19 February 2007

Sucking Juice through a Net


Demand grows, but data centers don't hog power
Benjamin Pimentel, Chronicle Staff Writer
Thursday, February 15, 2007

Data centers are sucking up more electricity as more people and organizations log on to the Internet. But there's been some disagreement over how power-hungry the servers running the nation's network are.

Take the previously accepted belief -- now dismissed as inaccurate -- that the Internet and all the computer equipment in the nation requires 13 percent of total electricity use in the United States.

A study released Wednesday says that energy consumption at data centers is growing rapidly, doubling from 2000 to 2005, according to a report by Jonathan Koomey, a staff scientist of Lawrence Berkeley National Laboratory and a consulting professor at Stanford University.

But overall, the amount energy servers consume is only about 1.2 percent of the electricity used in the country, although the rate at which it has grown might still be cause for worry.

The study was commissioned by chipmaker Advanced Micro Devices partly in response to growing concern over corporate customers' rising energy bills.

"If you see that there might be a problem, you have to ask how big is the problem," Koomey said. "The purpose of the study is to give a reasonable estimate of how much electricity is used. From that, you can then figure out whether there are actions that industry can take or that government can take."

According to the study, servers and the infrastructure used to maintain these machines use about 45 billion kilowatt hours a year. That's equivalent to the amount of power used by the state of Mississippi in 2005, Koomey said.

The United States consumed 3,661 billion kilowatt hours, or nearly $300 billion, in 2005, Koomey said.

Data centers in the United States spent $2.7 billion on electricity in 2005, the report said. Worldwide, the total cost was $7.2 billion.

The AMD report is based on comprehensive data collected by International Data Corp. on the existing, historical and projected installed base and shipments of servers from 1996 to 2009.

It underscores what many experts and government agencies have come to realize: Many of the projections of how much power network computing consumes were overstated.

Claudia Chandler, assistant executive director at the California Energy Commission, said some sectors even blamed the energy crisis about six years ago on the growth of the Internet.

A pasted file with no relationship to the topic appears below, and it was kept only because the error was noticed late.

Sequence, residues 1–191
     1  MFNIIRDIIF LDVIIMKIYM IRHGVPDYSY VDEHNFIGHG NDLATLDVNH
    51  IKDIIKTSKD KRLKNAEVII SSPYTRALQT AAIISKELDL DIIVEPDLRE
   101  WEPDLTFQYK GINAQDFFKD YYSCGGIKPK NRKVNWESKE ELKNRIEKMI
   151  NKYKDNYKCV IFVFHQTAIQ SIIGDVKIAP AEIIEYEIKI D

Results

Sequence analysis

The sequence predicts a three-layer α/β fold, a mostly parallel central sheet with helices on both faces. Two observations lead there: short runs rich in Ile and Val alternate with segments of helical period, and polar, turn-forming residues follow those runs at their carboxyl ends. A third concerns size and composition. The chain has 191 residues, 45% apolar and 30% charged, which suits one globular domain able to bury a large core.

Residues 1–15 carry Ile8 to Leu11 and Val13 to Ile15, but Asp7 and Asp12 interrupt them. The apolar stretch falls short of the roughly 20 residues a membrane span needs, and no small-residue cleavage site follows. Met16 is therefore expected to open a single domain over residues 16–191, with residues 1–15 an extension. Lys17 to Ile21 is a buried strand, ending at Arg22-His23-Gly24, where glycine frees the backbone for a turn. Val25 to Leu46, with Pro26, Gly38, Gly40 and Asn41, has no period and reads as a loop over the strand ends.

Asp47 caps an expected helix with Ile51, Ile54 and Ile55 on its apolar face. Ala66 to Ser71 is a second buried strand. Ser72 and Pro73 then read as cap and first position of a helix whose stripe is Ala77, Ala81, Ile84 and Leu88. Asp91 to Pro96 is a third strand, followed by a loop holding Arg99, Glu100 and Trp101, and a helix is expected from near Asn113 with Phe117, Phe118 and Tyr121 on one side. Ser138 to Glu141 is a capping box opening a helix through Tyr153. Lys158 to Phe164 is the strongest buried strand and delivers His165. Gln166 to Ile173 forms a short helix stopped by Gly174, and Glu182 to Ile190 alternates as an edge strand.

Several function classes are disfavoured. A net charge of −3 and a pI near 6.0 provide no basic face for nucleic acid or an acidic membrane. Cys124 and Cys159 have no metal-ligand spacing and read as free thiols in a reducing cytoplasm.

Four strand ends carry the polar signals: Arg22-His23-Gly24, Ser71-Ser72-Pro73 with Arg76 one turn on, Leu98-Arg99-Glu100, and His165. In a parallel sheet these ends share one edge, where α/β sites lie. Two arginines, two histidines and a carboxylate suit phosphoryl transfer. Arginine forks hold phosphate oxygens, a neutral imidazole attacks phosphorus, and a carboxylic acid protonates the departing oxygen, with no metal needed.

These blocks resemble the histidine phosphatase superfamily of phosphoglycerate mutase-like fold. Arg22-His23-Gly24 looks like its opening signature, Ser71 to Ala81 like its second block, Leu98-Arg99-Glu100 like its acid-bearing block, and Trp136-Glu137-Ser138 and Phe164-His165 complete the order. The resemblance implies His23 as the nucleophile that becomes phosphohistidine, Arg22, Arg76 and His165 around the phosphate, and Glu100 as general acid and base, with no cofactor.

"It was exactly that -- an urban myth," she said.

James Bushnell, research director of the UC Energy Institute, said the AMD report offers a more realistic view of the Internet's impact on energy.

"In the end, the bottom line is it's not their fault and we shouldn't be looking toward high-tech as either the cause or the cure of our electricity problem," he said.

In fact, AMD's study is based on concerns over the bottom line.

John Fruehe, a development manager at AMD, said the chip company commissioned the study because its customers are increasingly worried about the power consumed at data centers.

"They are starting to max out their power budgets," he said. "Everything that's involved in this is looking at the bottom line."

Koomey said the growing need for power at data centers, with the rapid expansion of the Web, has prompted government and businesses to come up with more energy-efficient networks.

Chandrakant Patel, a research scientist at Hewlett-Packard Labs, said tech companies need to focus on every aspect of the data center, from the microprocessor to the air-conditioning system.

"You really must look at the stack," he said. "It has to be addressed holistically."

Of course, this power usage estimate doesn't include the millions upon millions of PCs around the globe that stay on 24/7 downloading movies, music, and porn...

1 comment:

mixmasta_cy said...

I should really do some simple calculations to figure out how much my it costs me to keep my laptop running 24/7. Got to keep that upload/download ratio high!